First band on stage are Sky Larkin, a Leeds-based foursome with some fiendishly good guitar going on. I’m effortlessly pulled into their frenzy and this punchy set left me eager to know/hear more. I was a little surprised they had three albums under their belt as they seemed so carefree and youthful but then, the best bands never lose that sense of adventure and freshness, that feeling that they’re doing this because they love it and dollar signs and celebrity have no part in it. They were a refreshing experience on a Saturday night when it sometimes feels like half the nation are either queuing up to perform on “talent” shoes or glued to their sofas/TV screens watching the ueue. A punk sensibility sizzled in some of these tracks and when they let rip, it an intoxicating wall of sound began to manifest. Sky Larkin’s new record is called Motto, and though I couldn’t pinpoint exactly what their motto is, it feels like one worth believing in.
Marnie Stern, who steps up next is surprisingly little known in this country. I certainly hadn’t heard of her before tonight’s fired up performance, though this is actually her fourth visit to Manchester and she’s been active since 2007. Perhaps her star has been rising slowly but steadily, as at this year’s SXSW she was billed as a highlight and has even recently graced the cover of the Guardian newspaper. This talented lady is happily doing her own thing and her sound is extraordinary. Much has been made of her impressive technique of guitar-playing, lots of tapping and generally fancy fret-work is carried out with a graceful ease.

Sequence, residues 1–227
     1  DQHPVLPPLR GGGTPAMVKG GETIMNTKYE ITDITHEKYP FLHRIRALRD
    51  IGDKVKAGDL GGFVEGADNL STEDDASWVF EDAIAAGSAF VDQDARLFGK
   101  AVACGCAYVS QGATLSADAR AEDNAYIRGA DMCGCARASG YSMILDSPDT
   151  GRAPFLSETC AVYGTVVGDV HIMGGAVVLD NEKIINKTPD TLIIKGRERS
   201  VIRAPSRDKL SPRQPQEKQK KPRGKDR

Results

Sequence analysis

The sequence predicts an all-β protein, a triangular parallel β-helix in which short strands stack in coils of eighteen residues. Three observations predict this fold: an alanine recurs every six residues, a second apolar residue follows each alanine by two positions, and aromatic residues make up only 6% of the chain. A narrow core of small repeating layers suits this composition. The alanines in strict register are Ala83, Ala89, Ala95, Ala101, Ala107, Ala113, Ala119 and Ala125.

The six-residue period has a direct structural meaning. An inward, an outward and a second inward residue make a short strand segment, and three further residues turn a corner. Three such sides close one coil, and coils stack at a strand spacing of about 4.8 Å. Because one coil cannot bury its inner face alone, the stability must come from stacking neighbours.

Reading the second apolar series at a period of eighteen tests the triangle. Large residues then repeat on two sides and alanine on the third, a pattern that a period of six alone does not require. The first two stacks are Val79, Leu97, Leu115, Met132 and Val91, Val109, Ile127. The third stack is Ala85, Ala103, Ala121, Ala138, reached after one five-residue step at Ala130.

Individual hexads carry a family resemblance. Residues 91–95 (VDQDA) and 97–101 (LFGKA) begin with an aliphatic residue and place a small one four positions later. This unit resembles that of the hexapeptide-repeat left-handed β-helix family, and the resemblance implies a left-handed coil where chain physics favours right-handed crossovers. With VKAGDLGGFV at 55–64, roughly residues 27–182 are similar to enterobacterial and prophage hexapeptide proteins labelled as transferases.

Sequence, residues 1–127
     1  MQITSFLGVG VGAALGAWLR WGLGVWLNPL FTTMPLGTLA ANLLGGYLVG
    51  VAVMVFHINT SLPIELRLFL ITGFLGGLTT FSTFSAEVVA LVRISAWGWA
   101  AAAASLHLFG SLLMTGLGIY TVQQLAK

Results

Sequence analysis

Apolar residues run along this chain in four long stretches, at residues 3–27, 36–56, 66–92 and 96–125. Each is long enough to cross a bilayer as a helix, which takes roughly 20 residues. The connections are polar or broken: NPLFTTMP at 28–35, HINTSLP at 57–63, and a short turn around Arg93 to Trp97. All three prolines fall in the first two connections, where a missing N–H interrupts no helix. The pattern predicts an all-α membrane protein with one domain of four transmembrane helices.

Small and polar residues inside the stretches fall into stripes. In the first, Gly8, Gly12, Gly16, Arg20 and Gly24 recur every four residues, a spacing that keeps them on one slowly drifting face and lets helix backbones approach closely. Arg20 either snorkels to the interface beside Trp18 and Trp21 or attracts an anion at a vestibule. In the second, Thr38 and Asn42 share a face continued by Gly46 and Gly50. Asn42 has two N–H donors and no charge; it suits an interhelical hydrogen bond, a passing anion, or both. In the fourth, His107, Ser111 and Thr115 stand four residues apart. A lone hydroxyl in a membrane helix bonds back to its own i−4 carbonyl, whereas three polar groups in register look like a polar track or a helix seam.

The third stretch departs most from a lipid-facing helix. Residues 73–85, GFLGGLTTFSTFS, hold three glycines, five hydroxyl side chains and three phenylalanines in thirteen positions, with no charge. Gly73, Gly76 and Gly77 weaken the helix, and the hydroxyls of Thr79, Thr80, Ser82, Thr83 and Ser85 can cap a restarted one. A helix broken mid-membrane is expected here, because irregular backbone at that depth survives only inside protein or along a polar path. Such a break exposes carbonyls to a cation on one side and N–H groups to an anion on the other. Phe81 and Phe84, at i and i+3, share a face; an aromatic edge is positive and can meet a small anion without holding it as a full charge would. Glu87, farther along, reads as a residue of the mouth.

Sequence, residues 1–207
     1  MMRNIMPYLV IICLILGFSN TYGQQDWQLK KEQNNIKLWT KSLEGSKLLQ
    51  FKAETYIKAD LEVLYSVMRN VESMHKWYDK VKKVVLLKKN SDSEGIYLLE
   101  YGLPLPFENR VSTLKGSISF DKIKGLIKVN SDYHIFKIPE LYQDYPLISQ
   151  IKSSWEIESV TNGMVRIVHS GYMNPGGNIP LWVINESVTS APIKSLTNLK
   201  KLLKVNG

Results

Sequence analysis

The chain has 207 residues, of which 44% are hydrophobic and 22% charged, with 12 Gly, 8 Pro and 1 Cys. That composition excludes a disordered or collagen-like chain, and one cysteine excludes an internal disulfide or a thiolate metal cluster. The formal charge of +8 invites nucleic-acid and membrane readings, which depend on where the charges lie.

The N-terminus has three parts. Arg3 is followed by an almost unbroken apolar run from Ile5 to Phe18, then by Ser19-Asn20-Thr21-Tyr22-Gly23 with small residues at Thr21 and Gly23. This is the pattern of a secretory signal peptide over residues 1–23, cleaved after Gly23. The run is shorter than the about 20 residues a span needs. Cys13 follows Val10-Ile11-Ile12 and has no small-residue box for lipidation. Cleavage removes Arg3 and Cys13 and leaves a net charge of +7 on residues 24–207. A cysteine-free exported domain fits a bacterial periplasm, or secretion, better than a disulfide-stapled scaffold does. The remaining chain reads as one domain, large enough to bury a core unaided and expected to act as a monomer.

Marnie has a charming demeanour and the audience quickly warm to her. Much of the set showcased her quirky new album 'The Chronicles of Marnia' but older material was hanging in between. For me, there were two stand-out tracks tonight, both from the new record. 'Nothing is Easy' works up a sweat, it soldiers through non-specific hardship and trials with a gusto that refuses to bow down. The drumming is perhaps just as startling as the complicated guitar-work, with rhythmic avalanches merging spectacularly with Stern’s defiant guitar and impassioned vocal. The other track that really makes an impression is 'Immortals Don’t Die' which she and the band tear through at such break-neck speed you barely catch your breath. It all feels slightly insane but in a positive way, as though the madness is a necessary release and it’s time to let it all hang out, to break free from the shackles of normality and correct procedure. Whatever lies on the other side of that wardrobe in her chronicles must be explored and this is what Marnie Stern feels to be doing. She’s not afraid and she’s conjuring up some unique sounds on her unchartered journey. Go, Marnie!
Review by Mary O'Meara